As members of up and coming internet collective Gendergrind, Big Dimp and Boxkitty are currently minor players in one of the most powerful music scenes of the past decade. DimpKitty may be brief, but it solidifies its creators’ importance and suggests that they have the potential to make a huge splash in an already overcrowded musical pond.
With Dimp on vocals and Kitty handling production, each of these four songs offer more experimental music than the last. ‘Fuck the Night’ opens with a guest vocal from Canadian rapper Dag, whose voice is contorted in immensely pleasing fashion over a stuttering, noisy beat. The production shifts completely when Dimp begins his verse, adopting a sad, twinkling melody to reflect the isolation of the lyrics: ‘To be honest no one really cares, I don’t care what you think at all. Is there anybody out there?’’. In under two minutes the track manages to cover various perspectives on loneliness and making it through dark times, Kitty’s immaculately bizarre production heightening the feeling of 21st century, Covid-inspired dread.
‘Let Me In (My Head)’ is a much simpler song, it mainly comprises the titular mantra being chanted at various pitches and speeds. This constantly repeated demand for control is another lyrical motif reflected in the production, which is far more bass-heavy and vast than before. The almost ambient ending of this track seems to represent Dimp’s awareness of the futility of these desires (something that we can all relate to on some level), and this in turn leads into the themes of ‘I’m Not Tired’. Here Dimp is essentially singing, floating through a sonic vacuum as terrifying as it is weirdly comforting. Kitty’s mixing on these tracks is truly impeccable, each one has its own unique soundscape while also tying into the hazy, disorientating vibe that the EP boasts as a whole.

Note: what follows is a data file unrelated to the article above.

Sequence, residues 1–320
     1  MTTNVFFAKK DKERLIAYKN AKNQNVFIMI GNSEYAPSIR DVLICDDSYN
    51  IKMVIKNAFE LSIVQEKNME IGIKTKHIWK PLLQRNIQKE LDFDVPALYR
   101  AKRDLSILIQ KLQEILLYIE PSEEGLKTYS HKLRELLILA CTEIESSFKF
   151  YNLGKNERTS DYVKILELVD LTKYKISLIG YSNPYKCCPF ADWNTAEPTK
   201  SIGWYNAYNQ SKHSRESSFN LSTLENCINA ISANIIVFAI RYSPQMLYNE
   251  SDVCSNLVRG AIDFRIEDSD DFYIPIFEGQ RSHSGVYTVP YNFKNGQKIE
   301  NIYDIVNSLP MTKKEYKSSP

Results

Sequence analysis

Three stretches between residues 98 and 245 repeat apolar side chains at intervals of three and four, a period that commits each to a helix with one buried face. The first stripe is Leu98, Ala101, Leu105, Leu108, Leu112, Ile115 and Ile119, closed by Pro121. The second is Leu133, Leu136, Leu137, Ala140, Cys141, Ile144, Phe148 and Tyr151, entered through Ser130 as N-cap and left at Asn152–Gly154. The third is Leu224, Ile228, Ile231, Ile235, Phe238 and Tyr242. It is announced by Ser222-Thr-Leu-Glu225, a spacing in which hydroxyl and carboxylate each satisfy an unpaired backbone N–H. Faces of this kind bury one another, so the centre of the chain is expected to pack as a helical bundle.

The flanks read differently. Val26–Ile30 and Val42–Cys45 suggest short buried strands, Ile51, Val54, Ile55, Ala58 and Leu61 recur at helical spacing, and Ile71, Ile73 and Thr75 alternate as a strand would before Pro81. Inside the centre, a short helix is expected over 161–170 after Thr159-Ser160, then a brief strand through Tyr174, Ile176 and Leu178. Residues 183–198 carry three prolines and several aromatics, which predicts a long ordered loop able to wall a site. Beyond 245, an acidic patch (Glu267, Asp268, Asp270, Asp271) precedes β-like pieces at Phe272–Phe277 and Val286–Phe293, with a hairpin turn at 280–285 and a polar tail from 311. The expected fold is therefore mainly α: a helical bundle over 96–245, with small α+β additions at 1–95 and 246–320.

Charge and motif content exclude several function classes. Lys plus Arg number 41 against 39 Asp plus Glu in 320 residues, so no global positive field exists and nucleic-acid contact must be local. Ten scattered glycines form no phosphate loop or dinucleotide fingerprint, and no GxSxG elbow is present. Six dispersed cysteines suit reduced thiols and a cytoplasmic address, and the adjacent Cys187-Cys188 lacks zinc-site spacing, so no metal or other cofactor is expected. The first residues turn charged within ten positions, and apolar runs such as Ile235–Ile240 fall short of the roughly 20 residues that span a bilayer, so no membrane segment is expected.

Closer ‘Bye Bye Bye’ initially seems like the most traditional of the four, as its song structure is pretty typical and its vocal patterns are some of the most decipherable. However, the echoey effects on Dimp’s voice make his performance on this song seem even more like part of the production, an aspect that makes its ear-shattering crescendo all the more impactful. There’s no doubt in my mind that Kitty’s work here is their best ever, indeed with this EP under their belt they should soon become one of the scene’s most in-demand producers. Dimp is equally impressive, he clearly pours his heart into his lyrics and in doing so appears wise beyond his years. Despite being so young, he is able to craft totally unique songs that people of all ages can relate to. This doesn’t only apply to the lyrical content either, as the uber-sharp songwriting and top-notch production quality will go a long way towards attracting audiences unfamiliar with this style of music. Indeed, that may be DimpKitty’s greatest strength overall.
Listen to the EP below.
– Chris (@108seraph)